By Evan Gray, Blog Writer
On Friday, the 12th of December, the International Criminal Court’s (ICC) chief prosecutor, Fatou Bensouda, officially shelved the Court’s investigation into war crimes in Sudan’s Darfur region until further notice. Despite over 9 years of investigation and the existence of 5 outstanding arrest warrants in the case, Bensouda, blaming the UN Security Council’s refusal to enforce ICC decisions regarding Darfur, declared her decision was necessary in order to shift the court’s resources to “other urgent cases.” Unlike the ICC’s recent decision to drop charges against Kenyan President Uhuru Kenyatta, this decision does not prevent alleged war criminals like Sudan’s current president, Omar al-Bashir, from facing charges in the future. However, the announcement does point to serious problems with the ICC, in particular its lack of enforcement capabilities and its increasingly dysfunctional relationship with African leaders and governments.
In a conversation with a reporter from the Guardian, Nick Kaufman, the ICC’s advocate for victims of violence in Darfur, described Besouda’s decision as political “grandstanding” – an attempt to pressure members of the Security Council to force UN member states to arrest suspects wanted by the ICC. This has been among the biggest problems faced by the court in bringing war criminals to justice, with only 4 out of the 13 arrest warrants issued since the ICC’s inception in 2002 resulting in arrests so far. China, a permanent Security Council member which holds close economic and political ties with Sudan, has come in for particularly heavy criticism for its blocking of UN attempts to hold Sudanese leaders accountable for atrocities in Darfur. Despite refusing to vote against the motion that began the ICC’s Darfur investigation in 2005, China has recently used its influence to prevent the UN from demanding the arrest of Bashir and his lieutenants, establishing itself as the Sudanese government’s main Security Council ally.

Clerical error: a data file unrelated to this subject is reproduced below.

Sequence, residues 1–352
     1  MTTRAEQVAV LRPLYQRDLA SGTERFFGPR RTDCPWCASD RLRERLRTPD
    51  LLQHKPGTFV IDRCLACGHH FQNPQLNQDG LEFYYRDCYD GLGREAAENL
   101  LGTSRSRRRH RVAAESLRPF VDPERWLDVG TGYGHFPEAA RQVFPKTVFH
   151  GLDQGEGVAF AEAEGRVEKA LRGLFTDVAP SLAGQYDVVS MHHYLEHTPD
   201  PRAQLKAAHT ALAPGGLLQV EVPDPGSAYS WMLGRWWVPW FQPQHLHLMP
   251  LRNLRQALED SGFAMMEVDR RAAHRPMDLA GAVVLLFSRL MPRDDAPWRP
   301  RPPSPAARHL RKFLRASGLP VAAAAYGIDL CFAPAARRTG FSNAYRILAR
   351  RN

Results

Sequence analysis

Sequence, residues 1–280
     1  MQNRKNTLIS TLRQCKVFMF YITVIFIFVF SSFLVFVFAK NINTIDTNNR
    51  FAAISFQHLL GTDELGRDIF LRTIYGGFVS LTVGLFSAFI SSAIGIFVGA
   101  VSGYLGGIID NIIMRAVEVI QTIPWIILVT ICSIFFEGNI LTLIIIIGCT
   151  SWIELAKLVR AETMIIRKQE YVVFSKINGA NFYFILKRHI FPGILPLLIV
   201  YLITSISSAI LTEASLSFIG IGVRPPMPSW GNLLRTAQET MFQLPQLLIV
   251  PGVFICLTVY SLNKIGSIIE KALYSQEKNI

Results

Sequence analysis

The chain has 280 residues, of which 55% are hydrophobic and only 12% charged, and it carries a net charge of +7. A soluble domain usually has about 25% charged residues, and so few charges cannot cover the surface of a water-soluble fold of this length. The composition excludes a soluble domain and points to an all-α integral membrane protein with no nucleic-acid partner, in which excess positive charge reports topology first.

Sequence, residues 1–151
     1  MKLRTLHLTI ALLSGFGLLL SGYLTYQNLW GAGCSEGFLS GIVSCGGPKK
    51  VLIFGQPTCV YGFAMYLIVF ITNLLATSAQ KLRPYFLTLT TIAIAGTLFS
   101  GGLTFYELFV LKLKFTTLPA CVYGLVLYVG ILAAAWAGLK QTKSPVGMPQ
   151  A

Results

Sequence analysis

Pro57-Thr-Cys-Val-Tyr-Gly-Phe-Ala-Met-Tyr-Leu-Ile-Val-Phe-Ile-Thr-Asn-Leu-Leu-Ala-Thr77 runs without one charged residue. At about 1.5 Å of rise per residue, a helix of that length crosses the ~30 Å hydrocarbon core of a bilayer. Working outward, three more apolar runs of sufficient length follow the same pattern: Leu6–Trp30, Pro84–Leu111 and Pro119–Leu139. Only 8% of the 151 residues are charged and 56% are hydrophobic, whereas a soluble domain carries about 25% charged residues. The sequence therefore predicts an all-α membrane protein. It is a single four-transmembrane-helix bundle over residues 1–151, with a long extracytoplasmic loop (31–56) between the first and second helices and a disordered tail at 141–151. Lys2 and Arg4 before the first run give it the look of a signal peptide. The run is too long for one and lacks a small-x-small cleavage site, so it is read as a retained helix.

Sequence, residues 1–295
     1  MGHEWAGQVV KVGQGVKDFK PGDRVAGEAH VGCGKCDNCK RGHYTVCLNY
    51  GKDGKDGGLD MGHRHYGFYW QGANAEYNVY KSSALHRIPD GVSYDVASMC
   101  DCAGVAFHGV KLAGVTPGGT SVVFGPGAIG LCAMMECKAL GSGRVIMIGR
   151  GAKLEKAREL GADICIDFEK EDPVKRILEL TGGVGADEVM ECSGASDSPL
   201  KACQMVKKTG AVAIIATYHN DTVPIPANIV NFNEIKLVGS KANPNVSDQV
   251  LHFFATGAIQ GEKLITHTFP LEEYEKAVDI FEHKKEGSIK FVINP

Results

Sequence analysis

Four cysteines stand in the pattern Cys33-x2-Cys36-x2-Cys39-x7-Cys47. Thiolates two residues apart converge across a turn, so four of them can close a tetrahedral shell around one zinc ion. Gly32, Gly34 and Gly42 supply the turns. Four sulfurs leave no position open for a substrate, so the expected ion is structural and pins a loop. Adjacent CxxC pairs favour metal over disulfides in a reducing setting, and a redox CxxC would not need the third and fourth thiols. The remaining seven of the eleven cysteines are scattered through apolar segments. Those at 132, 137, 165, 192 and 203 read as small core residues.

However, the ability of the ICC to accomplish its goals in Sudan has also been hampered by another troubling reality: namely, Arab and African governments’ intense suspicion of the court and its aims. The majority of African nations are party to the ICC’s founding treaty, meaning that they are legally obligated to assist the court in its efforts. Nevertheless, their leaders have consistently refused to arrest Bashir and his co-defendants during their frequent trips to other countries in the region. Given the precedent that would be set by the arrest and conviction of Bashir, the sitting president of an African nation, it is perhaps unsurprising that other African leaders would be unwilling to participate. From the beginning, however, the ICC’s investigation into Darfur has also been consistently accused of ‘politicization,’ with many seeing the court as a ‘tool’ used by western governments to target its enemies. In particular, the court’s refusal to investigate other, more powerful countries like the United States despite evidence of human rights abuses resulting from its “war on terror” has caused many African leaders to question the ICC’s neutrality and legitimacy.
The pursuit of justice across national borders is a difficult and politically complicated task at the best of times. However, the current state of the ICC’s investigation into genocide in Darfur supports the culture of impunity that has become pervasive within Sudan – an outcome that simply cannot be tolerated. Clearly, the ICC and its allies will have to do more to ensure the cooperation of the court’s member states if justice is ever to be done in this case, and in others like it.